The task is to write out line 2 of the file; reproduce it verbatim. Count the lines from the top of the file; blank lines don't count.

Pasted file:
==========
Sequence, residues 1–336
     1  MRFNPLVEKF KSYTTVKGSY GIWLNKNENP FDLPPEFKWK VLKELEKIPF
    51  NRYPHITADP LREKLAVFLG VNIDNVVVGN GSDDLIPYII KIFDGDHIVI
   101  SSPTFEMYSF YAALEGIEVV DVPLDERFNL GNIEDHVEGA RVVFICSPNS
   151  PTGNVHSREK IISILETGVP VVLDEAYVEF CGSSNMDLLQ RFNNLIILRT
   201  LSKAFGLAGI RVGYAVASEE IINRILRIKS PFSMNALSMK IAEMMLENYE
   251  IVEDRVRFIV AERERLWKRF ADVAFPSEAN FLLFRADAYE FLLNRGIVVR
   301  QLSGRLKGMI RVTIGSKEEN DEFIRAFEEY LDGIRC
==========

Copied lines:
     1  MRFNPLVEKF KSYTTVKGSY GIWLNKNENP FDLPPEFKWK VLKELEKIPF